What do Thomas Jefferson, King Henry VIII of England, Samuel Johnson (writer), Alfred Lord Tennyson (poet) and Benjamin Franklin have in common? They all suffered from the extremely painful condition known as gout. In fact, more than 1 million people in the United States alone suffer from attacks of gout.
What is it?
Gout is a life-disrupting form of arthritis that affects the joints and tendons and other tissues. It has a connection to the body's inability to process uric acid, a chemical created when the body breaks down substances called purines, found in many of the foods we eat. An overload of uric acid leads to large, painful deposits in and around joints, as well as decreased kidney function and kidney stones.
Warren Heinsohn of Evansville, Ill., knows how gout can affect a person's life. He recalls, "I just woke up one morning and couldn't walk, it really scared me."
Heinsohn's first experience with gout was sudden and isolated to his left big toe, just like more than 70 percent of gout cases. Other joints commonly affected are the ankles, knees, wrists, fingers and elbows.
"I see patients experiencing pain from gout almost daily, more so in men," said Dr. Ruston Stoltz, a family practitioner.
Not a surprise, considering that men make up 90 percent of gout cases, affecting most over the age of 45, with a peak around age 75.
For women, it usually occurs postmenopause, possibly related to the drop in estrogen. "Some people can manage the pain with over-the-counter pain medications, but with others it comes on quite painfully and quickly," Stoltz said. Attacks are distinguished by rapid onset of pain and discomfort in the joint, reddish coloration, swelling, warmth in the area and extreme tenderness. In fact, the area can be so tender that even a brush of a sheet can be excruciating. Attacks can last only hours or continue for days, and in extreme cases for weeks. "I just used a walker for a few days until the pain and swelling went down ... by the fourth day I was back to normal," said Heinsohn There are several risk factors for the condition: obesity, excessive weight gain, moderate to heavy alcohol intake, high blood pressure and abnormal kidney function. Some medications can elevate uric acid levels, such as diuretics, insulin, some antibiotics, medication for rheumatoid arthritis and low-dose aspirin. Diseases such as leukemia, lymphomas and hemoglobin disorders can also elevate uric levels in the blood, leading to gout. Treatment optionsTreatment options depend on whether it is an acute attack or a chronic condition. Consulting with your physician should be the first step. Pain relief may come with ice packs, pain relievers such as acetaminophen, and nonsteroid anti-inflammatory drugs (NSAIDs).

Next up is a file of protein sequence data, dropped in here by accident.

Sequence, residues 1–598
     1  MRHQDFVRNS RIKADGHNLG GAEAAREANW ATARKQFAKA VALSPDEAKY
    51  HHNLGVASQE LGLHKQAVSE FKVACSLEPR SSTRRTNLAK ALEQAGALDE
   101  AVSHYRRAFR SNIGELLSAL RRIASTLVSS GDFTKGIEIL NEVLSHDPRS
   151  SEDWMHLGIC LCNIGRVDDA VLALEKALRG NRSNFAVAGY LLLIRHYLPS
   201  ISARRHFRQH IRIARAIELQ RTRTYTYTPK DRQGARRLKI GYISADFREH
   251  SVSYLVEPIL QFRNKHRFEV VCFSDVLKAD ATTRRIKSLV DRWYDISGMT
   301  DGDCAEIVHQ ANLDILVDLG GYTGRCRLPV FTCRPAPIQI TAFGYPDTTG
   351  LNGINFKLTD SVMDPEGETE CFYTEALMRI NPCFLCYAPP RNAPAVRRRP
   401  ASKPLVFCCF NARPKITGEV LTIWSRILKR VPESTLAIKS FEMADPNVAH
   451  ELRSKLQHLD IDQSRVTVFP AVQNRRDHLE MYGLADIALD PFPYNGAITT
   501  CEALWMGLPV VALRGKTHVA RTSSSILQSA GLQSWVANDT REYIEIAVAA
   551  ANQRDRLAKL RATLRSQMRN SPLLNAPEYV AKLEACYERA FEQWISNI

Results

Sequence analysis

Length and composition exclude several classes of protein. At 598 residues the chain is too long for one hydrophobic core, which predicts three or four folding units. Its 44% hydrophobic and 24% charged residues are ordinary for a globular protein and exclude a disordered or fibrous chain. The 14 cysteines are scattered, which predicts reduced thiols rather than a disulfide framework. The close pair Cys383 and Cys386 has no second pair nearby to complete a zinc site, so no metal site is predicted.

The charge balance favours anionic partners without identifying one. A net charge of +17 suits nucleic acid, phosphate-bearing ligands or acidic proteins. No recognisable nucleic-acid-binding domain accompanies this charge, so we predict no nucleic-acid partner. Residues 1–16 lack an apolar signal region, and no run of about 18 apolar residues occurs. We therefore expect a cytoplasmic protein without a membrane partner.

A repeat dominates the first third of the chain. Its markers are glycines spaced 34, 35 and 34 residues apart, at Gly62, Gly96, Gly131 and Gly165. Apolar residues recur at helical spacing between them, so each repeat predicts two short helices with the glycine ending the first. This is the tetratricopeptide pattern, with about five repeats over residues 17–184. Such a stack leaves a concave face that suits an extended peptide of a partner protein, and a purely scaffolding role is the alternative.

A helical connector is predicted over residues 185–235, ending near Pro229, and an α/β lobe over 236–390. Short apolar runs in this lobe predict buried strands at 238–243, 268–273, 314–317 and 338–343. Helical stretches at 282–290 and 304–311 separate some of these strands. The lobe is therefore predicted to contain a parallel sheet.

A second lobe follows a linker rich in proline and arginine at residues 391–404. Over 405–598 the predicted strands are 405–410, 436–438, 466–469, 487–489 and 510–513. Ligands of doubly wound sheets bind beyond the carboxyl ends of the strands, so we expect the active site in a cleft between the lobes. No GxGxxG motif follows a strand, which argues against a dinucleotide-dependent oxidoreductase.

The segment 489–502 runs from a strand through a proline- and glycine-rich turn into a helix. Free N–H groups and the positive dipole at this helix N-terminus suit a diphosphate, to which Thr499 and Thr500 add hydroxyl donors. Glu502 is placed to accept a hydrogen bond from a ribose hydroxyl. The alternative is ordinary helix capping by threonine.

In Warren Heinsohn's case, his doctor recommended that Heinsohn eat fresh cherries or drink cherry juice to help treat his gout attack. Cherries have an enzyme that neutralizes uric acid and are high in anthocyanins, which have high antioxidant properties as well as an anti-inflammatory effect. There are also prescriptions available that will help with the pain and will regulate the uric acid levels. Speak with your physician to discuss your options. There are ways to reduce your chances of experiencing gout. An easy step is to drink at least six to eight 8-ounce glasses of water, fresh juices or herb tea daily, as this will help maintain hydration and in turn level out uric acid. Avoid or limit the following: organ meats, some sea foods, dried beans and peas, fried foods, coffee, rich desserts, beer (and all yeast-type products) and wine. Most important, maintain a balanced, healthy diet and keep your weight under control by reducing fat and caloric intake and getting regular aerobic exercise. Source: Evansville Courier & Press. Provided by ProQuest Information and Learning. Powered by Yellowbrix.